The government will step up its efforts to regain the people’s trust and attribute soon responsibility for last Monday’s fatal blast at the Naval Base “Evaggelos Florakis”, President of the Republic Demetris Christofias has stressed.

President Christofias, who was addressing a rally in honour of missing persons in Cyprus, at the village of Pyrga in Larnaca, said that “unfortunately today’s rally takes place in the shadow of the mourning caused by the tragic event at Mari last Monday”, in which 13 persons were killed.

Today, he said, “our thoughts go out to our compatriots and their families and we bow to their sacrifice.”

The government, said the President, “will step up its efforts” to regain the trust and the support of the Cypriot citizen.

He said that “responsibilities, wherever they may lay, must be attributed in a short period of time”, adding that “all together we must face the difficult consequences of this terrible blast”.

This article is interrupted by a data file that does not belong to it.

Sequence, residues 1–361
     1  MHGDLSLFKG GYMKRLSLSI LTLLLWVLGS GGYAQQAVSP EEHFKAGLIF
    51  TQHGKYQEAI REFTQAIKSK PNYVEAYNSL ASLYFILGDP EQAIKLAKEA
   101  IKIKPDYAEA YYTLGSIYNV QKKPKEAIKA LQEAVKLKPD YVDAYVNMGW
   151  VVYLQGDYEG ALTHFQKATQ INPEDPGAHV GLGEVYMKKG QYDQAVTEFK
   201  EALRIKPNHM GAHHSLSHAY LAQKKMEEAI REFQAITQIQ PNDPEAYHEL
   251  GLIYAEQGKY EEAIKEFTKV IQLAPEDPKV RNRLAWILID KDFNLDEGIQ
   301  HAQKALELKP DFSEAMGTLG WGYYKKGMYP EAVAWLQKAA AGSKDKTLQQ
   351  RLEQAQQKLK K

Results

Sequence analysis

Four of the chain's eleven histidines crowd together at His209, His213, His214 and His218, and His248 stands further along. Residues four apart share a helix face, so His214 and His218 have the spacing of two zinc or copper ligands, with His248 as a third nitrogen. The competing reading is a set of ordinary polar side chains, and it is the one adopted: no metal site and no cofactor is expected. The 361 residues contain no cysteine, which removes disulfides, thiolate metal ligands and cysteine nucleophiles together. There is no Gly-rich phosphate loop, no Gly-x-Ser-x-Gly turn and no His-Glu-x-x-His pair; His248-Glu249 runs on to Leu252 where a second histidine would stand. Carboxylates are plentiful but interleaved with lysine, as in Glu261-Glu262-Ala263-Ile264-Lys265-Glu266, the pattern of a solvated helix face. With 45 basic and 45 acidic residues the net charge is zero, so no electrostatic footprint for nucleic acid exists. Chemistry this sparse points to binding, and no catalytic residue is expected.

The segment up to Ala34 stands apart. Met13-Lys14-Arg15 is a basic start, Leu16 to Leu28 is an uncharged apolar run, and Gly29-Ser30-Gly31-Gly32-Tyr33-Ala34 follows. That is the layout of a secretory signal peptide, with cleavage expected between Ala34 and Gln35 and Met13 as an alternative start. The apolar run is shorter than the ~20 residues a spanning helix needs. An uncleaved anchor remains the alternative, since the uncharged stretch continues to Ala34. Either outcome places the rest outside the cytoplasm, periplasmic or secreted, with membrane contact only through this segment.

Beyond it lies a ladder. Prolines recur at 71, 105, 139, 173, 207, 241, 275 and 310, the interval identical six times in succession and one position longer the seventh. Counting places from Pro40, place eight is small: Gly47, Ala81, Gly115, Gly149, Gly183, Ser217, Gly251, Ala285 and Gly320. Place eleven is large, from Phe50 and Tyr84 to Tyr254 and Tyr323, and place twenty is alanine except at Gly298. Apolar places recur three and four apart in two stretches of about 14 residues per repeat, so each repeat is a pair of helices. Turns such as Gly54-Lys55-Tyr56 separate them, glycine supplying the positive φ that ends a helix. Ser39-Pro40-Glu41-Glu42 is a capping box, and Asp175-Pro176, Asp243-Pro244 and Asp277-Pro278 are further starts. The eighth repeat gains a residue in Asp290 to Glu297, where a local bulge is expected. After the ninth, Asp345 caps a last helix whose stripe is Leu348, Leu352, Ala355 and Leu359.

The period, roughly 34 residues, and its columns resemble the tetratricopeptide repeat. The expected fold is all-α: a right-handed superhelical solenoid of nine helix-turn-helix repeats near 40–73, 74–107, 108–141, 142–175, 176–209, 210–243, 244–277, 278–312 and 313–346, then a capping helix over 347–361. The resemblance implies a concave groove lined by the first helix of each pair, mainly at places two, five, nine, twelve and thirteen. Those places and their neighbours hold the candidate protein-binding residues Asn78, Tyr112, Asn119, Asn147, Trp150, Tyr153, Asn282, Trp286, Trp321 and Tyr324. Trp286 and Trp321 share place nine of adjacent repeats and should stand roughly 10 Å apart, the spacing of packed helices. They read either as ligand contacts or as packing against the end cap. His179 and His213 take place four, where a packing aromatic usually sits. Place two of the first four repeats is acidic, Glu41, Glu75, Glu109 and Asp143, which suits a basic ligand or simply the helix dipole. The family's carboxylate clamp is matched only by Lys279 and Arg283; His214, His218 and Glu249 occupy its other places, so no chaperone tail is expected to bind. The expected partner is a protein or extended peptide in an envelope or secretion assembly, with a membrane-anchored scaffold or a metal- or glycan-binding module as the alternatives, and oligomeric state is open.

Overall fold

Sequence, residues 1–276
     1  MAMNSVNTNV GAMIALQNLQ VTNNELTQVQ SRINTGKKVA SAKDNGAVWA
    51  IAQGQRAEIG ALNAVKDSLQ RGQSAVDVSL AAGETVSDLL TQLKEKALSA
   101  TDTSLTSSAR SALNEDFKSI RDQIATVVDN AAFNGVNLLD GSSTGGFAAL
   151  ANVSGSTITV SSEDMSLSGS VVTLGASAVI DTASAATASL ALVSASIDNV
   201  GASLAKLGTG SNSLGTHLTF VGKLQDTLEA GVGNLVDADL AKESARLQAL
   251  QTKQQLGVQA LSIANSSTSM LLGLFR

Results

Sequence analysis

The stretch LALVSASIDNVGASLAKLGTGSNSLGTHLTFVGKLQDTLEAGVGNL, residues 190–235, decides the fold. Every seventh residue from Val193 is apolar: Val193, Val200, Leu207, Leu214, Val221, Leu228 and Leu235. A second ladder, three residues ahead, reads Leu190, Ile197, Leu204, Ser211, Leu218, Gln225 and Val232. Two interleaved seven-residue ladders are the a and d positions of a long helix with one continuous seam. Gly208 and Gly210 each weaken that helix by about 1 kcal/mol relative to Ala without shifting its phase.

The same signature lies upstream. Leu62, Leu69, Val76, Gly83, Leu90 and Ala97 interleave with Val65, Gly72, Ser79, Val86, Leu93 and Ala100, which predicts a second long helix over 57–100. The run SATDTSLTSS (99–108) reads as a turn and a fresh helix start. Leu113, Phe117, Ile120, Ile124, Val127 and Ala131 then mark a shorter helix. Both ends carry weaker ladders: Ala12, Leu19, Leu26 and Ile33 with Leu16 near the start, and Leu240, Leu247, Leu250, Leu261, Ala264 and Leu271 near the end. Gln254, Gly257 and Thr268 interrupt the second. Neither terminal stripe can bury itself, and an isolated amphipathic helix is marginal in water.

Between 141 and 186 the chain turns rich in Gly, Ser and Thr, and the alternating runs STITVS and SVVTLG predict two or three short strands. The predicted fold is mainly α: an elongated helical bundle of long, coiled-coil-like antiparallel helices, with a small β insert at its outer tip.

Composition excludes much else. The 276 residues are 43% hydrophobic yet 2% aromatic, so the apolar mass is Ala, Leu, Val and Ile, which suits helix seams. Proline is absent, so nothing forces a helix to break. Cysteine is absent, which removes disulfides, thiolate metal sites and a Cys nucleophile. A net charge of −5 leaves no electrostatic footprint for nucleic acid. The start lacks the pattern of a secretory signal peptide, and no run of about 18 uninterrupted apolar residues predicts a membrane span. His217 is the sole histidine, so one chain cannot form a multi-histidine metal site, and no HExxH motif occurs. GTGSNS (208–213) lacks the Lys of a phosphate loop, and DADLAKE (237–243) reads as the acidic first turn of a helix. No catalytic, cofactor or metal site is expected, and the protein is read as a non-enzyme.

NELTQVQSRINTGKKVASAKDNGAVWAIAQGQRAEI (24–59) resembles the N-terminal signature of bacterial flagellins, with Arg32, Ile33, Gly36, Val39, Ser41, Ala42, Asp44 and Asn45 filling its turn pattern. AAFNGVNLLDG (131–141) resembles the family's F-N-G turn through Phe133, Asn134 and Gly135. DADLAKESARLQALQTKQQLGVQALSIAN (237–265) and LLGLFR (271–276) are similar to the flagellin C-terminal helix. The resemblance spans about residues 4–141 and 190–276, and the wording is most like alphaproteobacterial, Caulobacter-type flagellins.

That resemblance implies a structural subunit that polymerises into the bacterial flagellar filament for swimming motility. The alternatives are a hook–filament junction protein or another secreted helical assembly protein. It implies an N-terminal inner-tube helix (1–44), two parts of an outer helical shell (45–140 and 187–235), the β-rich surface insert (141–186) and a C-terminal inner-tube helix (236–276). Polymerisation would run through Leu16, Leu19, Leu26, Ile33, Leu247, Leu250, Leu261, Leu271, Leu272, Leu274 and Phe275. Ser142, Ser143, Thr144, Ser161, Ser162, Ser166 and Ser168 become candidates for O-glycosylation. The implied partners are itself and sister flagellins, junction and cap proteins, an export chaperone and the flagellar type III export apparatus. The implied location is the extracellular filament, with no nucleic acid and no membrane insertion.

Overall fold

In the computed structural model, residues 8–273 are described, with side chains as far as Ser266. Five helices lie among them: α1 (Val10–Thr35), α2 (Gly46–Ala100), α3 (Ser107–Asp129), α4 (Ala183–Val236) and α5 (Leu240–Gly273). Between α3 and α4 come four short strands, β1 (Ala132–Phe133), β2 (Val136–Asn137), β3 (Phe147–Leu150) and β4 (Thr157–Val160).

“We must create, all together, the conditions which will not allow for a repetition of similar incidents”, he pointed out.

Referring to the efforts for the resolution of the Cyprus issue, President Christofias said the government’s efforts focus “on a mutually acceptable solution, which under the circumstances will be just, viable and functional, which will reverse the fait accompli and truly reunite our country on the basis of a bi-zonal, bi-communal federation, with political equality between the two communities, as provided by the relevant UN Security Council resolutions”.